Since last December the Republican right has tried to use undocumented immigrants as a collective “Willie Horton” to distract voters’ attention from the massive failures of GOP policy, including the Iraq war, Hurricane Katrina, declining working-class living standards and the scandals about Tom DeLay and Jack Abramoff.
So the viciously repressive HR 4437 was rammed through the House in December 2005 and no progressive legislation on immigration was allowed to advance. Instead, countless taxpayer dollars were wasted on bogus “field hearings” on immigration.
Over the protests of many sectors, legislation was passed to build a “fence” on the U.S.-Mexican border. President Bush did his bit by ratcheting up factory raids, arrests and deportations of undocumented immigrants. Local politicians got into the act with mean spirited state and local laws aimed at making the lives of immigrants as miserable as possible.
But the trick didn’t work. The counter movement for immigrant rights it helped spark, including the massive marches, appears to have increased Latino, Asian American and other sectors’ voter registration and turnout, and the vast majority voted against the Republicans.
So a number of Republican politicians who had been most identified with strident anti-immigrant rhetoric went down to ignominious defeat. The seats of nine of the 104 members of the viciously anti-immigrant House Immigration Reform Caucus, the brainchild of Congressman Tom Tancredo (R-Colo.), flipped from Republican to Democrat, including those of Charlie Bass (N.H.), Jeb Bradley (N.H.), Bob Beauprez (Colo.), Joel Hefley (Colo.), Gil Gutknecht (Minn.), J.D. Hayworth (Ariz.), Jim Ryun (Kan.), John Sweeney (N.Y.) and Charles Taylor (Colo.).
Also in Arizona, Randy Graf, a member of the Minutemen anti-immigrant vigilante organization, was defeated by Democrat Gabrielle Giffords, who favors access to legal status for the undocumented. The seat had been held by moderate Republican Jim Kolbe, who refused to endorse Graf.
These seats contributed about one-third of the Democratic pick-ups in the House.
Pennsylvania Republican Sen. Rick Santorum, who had identified himself with the persecution of Latino immigrants by the small city of Hazleton, Pa., was handily defeated by Democrat Bob Casey. In Virginia, “Senator macaca” George Allen was defeated in a squeaker by a newcomer to the Democratic Party, Jim Webb. Webb opposes guest-worker programs, but is open to giving undocumented immigrants a crack at legalization and citizenship, and does not go around calling minority people monkeys.
The Democrats also made very major advances in gubernatorial and state legislative elections. These need to be analyzed in more detail to see what the impact of the uproar about immigration actually was. But it is clear that the Republican right gained little, if anything, with its scare tactics about a Mexican “reconquest” of the United States or the “contamination” of U.S. health and culture by foreigners.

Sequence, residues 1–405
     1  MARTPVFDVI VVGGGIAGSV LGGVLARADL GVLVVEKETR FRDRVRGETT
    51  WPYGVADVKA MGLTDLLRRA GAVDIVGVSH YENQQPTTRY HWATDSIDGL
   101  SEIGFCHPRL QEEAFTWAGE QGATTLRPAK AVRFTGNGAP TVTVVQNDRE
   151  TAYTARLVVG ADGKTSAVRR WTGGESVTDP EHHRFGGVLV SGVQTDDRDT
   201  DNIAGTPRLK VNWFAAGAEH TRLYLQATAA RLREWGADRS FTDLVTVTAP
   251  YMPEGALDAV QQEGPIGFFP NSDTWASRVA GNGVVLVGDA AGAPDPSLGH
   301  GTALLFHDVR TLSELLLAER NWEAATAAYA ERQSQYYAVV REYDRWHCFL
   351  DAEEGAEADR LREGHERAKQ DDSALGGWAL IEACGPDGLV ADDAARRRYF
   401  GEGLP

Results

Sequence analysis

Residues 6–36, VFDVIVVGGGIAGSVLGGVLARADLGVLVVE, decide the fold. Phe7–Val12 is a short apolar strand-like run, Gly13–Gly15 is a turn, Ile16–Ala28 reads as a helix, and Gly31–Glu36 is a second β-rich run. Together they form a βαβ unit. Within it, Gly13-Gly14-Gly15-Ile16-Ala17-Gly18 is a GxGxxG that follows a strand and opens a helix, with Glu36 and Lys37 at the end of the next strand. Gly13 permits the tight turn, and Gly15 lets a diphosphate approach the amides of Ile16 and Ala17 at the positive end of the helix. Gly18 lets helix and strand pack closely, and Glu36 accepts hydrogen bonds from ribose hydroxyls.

In most, but not all, cases, victorious Democratic candidates had better positions on immigration. However, while the Republicans tried to make the election be about immigration, Democratic candidates, with exceptions, did not campaign on immigration or immigrant rights issues, and a few of them came out on the wrong side of it. Not all the anti-immigrant Republican candidates lost: Thelma Drake was re-elected in Virginia as was Brian Bilbray in California, and anti-immigrant extremist Peter Roskam defeated Democrat Tammy Duckworth for the 6th CD seat in Illinois, which is being vacated by Henry Hyde.
Also, several anti-immigrant ballot initiatives won in Arizona, including an English-only initiative that will cause lots of problems for people whose first language is not English.
Nevertheless, supporters of immigrant rights are in a much better position than we were a year ago. Committee chairmanships in both House and Senate will now be taken over by people much less hostile to immigrants that were the likes of Frist, Hastert and Sensenbrenner.
Rep. John Conyers (D-Mich.) will chair the House Judiciary Committee, Rep. Sheila Jackson-Lee (D-Texas) will chair the Immigration Subcommittee, and Patrick Leahy (D-Vt.) will chair the Senate Committee on the Judiciary; all are much more open to recognizing the rights of the undocumented than were their Republican predecessors.
The House Hispanic, Black and Progressive Caucuses all come out of the election with much more strength and influence, and all three are sympathetic to immigrant worker concerns. There will probably not be more significant anti-immigrant legislation. But the fact that Bush is still in the White House pushing for both repression and an anti-labor guest-worker program, and that the Democrats will not have a veto-proof majority and will only have a one-vote majority in the Senate, will still be an obstacle to be overcome by the immigrant rights movement. So let’s not put away our marching shoes.
Emile Schepers is an immigrant rights activist in northern Virginia.